Women in Math
Special Pi Day event with Sarah Greenwald of Appalachian State University.
6:00pm, 111 TMCB
“Promoting Women in Mathematics”
We’ll highlight ways people study and understand the climate for underrepresented mathematicians and will then turn our attention to how people have made and can make a difference, focusing specifically on promoting women in mathematics. This is planned partly as a talk and partly as an exchange of ideas.
Sarah J. Greenwald is Professor of Mathematics and Faculty Affiliate of Gender, Women’s and Sexuality Studies at Appalachian State University. Her PhD in mathematics is from the University of Pennsylvania in Riemannian geometry. She investigates connections between mathematics and society, such as women, minorities, and popular culture. She has won several awards for teaching, scholarship and service, most recently a 2018 Association for Women in Mathematics Service Award.
Starting Fall 2019, Math 313 (Elementary Linear Algebra) courses will be discontinued. The curriculum will be split between Math 213, a 2 credit course which focuses on the theory of linear algebra, and Math 215, a 1 credit lab course which focuses on its computational applications. Note that concurrent or previous enrollment in Math 213, Math 313, or Math 302 is a requirement for taking Math 215.
For mathematics majors:
Math majors who have not completed Math 313 before Fall 2019 will instead be required to take Math 213 and Math 215.
For other majors that also formerly required Math 313:
In most cases, Math 313 will be replaced with Math 213 and Math 215, but please contact the academic advisor for your major to confirm whether you are required to take Math 213, Math 215, or both.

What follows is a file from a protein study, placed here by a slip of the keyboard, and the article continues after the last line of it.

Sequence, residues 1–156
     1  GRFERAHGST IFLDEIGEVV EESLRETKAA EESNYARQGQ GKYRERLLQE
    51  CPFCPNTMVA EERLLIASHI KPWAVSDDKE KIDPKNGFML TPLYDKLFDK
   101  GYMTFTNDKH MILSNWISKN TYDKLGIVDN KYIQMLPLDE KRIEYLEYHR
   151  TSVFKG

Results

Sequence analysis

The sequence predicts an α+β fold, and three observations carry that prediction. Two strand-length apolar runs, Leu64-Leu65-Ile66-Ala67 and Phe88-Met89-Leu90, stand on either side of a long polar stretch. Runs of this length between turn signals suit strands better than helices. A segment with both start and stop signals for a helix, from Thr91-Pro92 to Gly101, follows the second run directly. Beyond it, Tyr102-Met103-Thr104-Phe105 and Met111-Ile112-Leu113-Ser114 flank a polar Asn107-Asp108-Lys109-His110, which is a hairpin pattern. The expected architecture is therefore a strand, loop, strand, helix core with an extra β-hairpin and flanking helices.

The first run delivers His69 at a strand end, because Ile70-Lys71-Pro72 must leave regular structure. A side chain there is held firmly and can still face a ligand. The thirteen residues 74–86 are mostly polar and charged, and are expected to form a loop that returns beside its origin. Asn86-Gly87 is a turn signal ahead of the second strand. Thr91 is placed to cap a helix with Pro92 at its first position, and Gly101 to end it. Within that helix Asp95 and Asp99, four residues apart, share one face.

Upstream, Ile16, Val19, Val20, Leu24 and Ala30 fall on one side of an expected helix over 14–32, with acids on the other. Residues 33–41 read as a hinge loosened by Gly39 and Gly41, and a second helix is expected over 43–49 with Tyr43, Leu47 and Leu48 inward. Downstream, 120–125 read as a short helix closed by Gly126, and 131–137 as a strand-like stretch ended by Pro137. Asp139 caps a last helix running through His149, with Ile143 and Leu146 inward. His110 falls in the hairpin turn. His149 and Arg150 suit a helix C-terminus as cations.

Abstract: In this talk we present a review on stochastic symplecticity (multi-symplecticity) and ergodicity of numerical methods for stochastic nonlinear Schrodinger (NLS) equation. The equation considered is charge conservative and has the multi-symplectic conservation law. Based a stochastic version of variational principle, we show that the phase flow of the equation, considered as an evolution equation, preserves the symplectic structure of the phase space. We give some symplectic integrators and multi-symplectic methods for the equation. By constructing control system and invariant control set, it is proved that the symplectic integrator, based on the central difference scheme, possesses a unique invariant measure on the unit sphere. Furthermore, by using the midpoint scheme, we get a full discretization which possesses the discrete charge conservation law and the discrete multi-symplectic conservation law. Utilizing the Poisson equation corresponding to the finite dimensional approximation, the convergence error between the temporal average of the full discretization and the ergodic limit of the symplectic method is derived (In collaboration with Dr. Chuchu Chen, Dr. Xu Wang and Dr. Liying Zhang).